Page last updated at 20:40 GMT, Sunday, 29 June 2008 21:40 UK

Robert Mugabe subdued in victory

By Caroline Hawley
BBC News, Johannesburg

Robert Mugabe is sworn in as president
Independent observers say the election has been neither free nor fair

Robert Mugabe's election victory was never in doubt.

After losing the popular vote to opposition leader Morgan Tsvangirai back in March, he was standing in a one-man race conducted in an atmosphere of fear and foreboding.

According to the opposition, almost 90 of its supporters had been killed in the run-up to the vote, with hundreds more missing - believed dead.

It says 2,000 were jailed, 10,000 injured and 200,000 displaced.

Mr Tsvangirai pulled out of the presidential run-off on 22 June, saying he could not ask supporters to cast ballots "when that vote would cost them their lives".

But his name remained on the ballot. Tens of thousands of Zimbabweans dared to place a cross by his name, knowing that retribution could follow.

A significant number of others spoiled their ballots in protest at being forced to vote.


So there was little surprise when independent observer teams declared that the elections had not been free and fair.

One mission, from the Pan-African parliament, called for a new vote when conditions were "conducive" to a credible poll.

Mr Mugabe has a sweet tongue but sour actions but when all is said and done, there has to be dialogue about a transitional period that would lead to a free and fair election
Nelson Chamisa
MDC spokesman

One of its monitors told the BBC that he had spoken to voters from a squatter camp who had told him they were voting because they had been threatened that their homes would be burned down if they did not.

Robert Mugabe had defied the will of the international community by pressing ahead with the vote.

But, at his inauguration in Harare on Sunday, the hero of Zimbabwe's liberation struggle looked somewhat subdued.

He may have now given himself another - sixth - term in office.

But he knows he is facing growing international opprobrium, stricter sanctions, and even calls for armed peacekeepers to be sent to Zimbabwe.

"I think," said Archbishop Desmond Tutu, "that a very good argument can be made for having an international force to restore peace."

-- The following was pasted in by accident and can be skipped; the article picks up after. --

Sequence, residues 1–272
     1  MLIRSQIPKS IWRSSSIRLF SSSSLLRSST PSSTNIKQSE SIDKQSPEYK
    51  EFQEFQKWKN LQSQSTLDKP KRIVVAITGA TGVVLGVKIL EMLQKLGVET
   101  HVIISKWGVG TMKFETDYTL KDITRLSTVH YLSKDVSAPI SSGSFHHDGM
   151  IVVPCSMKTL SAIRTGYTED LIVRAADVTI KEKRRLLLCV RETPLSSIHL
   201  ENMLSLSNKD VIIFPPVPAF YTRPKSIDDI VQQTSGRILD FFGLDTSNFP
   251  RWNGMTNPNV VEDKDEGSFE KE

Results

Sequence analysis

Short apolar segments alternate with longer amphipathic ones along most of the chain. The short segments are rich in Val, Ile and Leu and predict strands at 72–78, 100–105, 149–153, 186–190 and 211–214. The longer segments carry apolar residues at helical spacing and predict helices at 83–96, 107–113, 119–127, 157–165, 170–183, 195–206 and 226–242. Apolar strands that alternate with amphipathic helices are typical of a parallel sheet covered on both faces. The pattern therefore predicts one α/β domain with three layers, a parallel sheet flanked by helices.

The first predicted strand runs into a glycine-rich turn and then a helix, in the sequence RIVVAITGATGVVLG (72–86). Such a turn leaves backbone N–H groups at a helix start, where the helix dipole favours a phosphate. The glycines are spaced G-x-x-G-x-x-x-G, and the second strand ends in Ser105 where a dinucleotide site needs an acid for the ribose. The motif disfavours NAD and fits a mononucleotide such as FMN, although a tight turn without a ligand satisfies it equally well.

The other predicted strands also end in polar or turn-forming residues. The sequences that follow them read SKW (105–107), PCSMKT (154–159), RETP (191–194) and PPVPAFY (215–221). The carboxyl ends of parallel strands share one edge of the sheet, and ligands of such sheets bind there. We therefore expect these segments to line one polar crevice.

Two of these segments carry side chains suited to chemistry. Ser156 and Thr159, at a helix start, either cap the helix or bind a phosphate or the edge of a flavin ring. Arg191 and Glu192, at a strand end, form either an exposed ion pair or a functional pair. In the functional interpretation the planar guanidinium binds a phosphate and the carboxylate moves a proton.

The Americans have said that this week they will press for UN action against Zimbabwe, including an arms embargo.

"It makes sense to deny the government of Zimbabwe the means to conduct violence against its own people," said the US Secretary of State, Condoleeza Rice.

'Sour actions'

Robert Mugabe, who recently declared that "only God" could remove him from power, seems to realise that he may now be forced - in some fashion - to share power.

Robert Mugabe: 2,150,269
Morgan Tsvangirai: 233,000
Spoiled ballots: 131,481
Voter turnout: 42.37%
Source: Zimbabwe Electoral Commission

In a speech late on Sunday, before he flew to the African Union summit in Sharm el-Sheikh, he promised to hold "serious talks" with the opposition.

The opposition Movement for Democratic Change (MDC) had declared itself ready for negotiations before - not after - Friday's vote.

But it may have little choice but to talk to the freshly-inaugurated Robert Mugabe.

"Mr Mugabe has a sweet tongue but sour actions," Nelson Chamisa, a spokesman for the MDC, told the BBC.

"But when all is said and done, there has to be dialogue about a transitional period that would lead to a free and fair election.

"The politicians of this country need to set aside their egos and think of the future of this country. We need to put a full stop on our people's suffering," he said.


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